So, we have science as a unified whole, encompassing the past, present, and future; the natural laws entangled with the natural history. But what about the dinosaurs I did not see out of the math-room windows? We can be quite sure they did not exist at that time and that Fred Flintstone did not have one as a pet (a saber-toothed pussy cat is another story). The study of evolution is much like that for plane crashes. You study the debris, in the case of evolution that “debris” includes fossils and the current distribution of species.  Consider the fossil Tiktaalik roseae, a tetrapod-like fish or a fish-like tetrapod, that was found a few years ago.  One can engage in futile semantic arguments about whether it is a fish, or a tetrapod, or a missing link, or whether it is the work of the devil. However, the significant point is that a striking prediction has been confirmed by a peer-reviewed observation. Using evolution, a model of fossil formation, and a model of the earth’s geology, a prediction was made that a certain type of fossil would be found in a certain type of rock. Tiktaalik roseae dramatically fulfilled that prediction and provides information on the fish-tetrapod transition.

The cause of plane crashes, Napoleon’s death, evolution, and the extinction of dinosaurs can all be explored by using the same empirically-constrained model-building techniques as the rest of science.  There is only one scientific method.

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“Give it to me—the real news”
“So I will”
“Well, Dadamashay, let me see what skill you have. Tell me the big new news of these days, making it ever so small.”
“Listen”[1]

When, I was a graduate student, somewhat after the time of the Vikings in long boats, my thesis supervisor, Prof. Bhaduri[2], took me with him when he went on sabbatical to Copenhagen, a Mecca for nuclear physics at that time.  When we were leaving there, his officemate gave him a small Mickey Mouse figurine so he would know what kind of physics to work on. Well another man might have been angry, And another man might have been hurt, But another man never would have[3] stressed during his seminar that he was using a Mickey Mouse model. A yes, Mickey Mouse science, the simple model or calculation that brings out salient features that are all too often lost or obscured in the complete calculation.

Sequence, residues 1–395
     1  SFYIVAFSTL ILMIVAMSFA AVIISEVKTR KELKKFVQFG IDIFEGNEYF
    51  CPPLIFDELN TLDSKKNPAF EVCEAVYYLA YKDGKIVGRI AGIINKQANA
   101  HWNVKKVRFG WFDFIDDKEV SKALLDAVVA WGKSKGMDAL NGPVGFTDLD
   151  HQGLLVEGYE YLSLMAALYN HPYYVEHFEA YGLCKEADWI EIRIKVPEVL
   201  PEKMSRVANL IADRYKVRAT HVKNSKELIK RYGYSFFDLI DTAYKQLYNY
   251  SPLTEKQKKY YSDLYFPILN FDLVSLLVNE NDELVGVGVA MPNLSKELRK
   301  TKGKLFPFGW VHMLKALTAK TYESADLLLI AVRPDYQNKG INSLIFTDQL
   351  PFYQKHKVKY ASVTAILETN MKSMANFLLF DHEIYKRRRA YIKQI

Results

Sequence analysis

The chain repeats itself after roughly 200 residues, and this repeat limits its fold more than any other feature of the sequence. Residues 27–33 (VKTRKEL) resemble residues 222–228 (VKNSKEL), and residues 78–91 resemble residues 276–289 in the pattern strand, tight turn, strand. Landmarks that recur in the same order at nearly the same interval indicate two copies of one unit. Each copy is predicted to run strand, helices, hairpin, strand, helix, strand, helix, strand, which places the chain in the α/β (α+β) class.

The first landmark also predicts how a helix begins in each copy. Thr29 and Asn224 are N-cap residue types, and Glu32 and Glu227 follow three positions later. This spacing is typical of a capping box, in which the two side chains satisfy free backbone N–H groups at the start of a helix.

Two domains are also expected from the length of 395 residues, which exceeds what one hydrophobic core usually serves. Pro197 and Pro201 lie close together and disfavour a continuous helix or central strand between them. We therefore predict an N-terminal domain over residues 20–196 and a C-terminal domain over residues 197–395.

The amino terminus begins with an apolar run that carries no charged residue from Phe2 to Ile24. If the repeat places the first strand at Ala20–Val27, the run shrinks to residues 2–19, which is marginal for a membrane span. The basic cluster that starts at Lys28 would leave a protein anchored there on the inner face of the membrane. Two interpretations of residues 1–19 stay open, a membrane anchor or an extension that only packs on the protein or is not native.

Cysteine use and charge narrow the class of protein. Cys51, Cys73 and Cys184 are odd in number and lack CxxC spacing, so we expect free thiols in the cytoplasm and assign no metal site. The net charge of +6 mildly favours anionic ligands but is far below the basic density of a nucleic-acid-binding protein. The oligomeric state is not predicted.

We all know what big science is: the big detectors at the Large Hadron Collider (CMS has a 12,500 ton steel yoke) or the Super-Kamiokande (50,000 tons of water). That is big science. Even theoretical physics does big science: the massive calculations of lattice quantum chromodynamics (QCD) or the nuclear shell model. Now, there have been attacks on big science, either the LHC or lattice QCD, as being inherently evil because they are so big. Would you believe, even books written on the topic? I strongly disagree with that view. Large science is an essential part of science. Big is needed to answer the questions we want answers to. However, there is more to science than that. We need the little to complement the big, the simple to complement the complex. As a post-doc, I was returning from a somewhat annoying conference with Gerry Brown[4] (b. 1926), one of leading nuclear physicists of that generation, when he turned to me in exasperation and said that people did not realize how many hours of computer time went into his simple estimates. There is an interesting concept: using computer time to justify simple estimates, simple complementing the complex. The purpose of computing is insight, not numbers[5] and the simple Mickey Mouse models are essential in generating that insight—even when they are justified by complex calculations.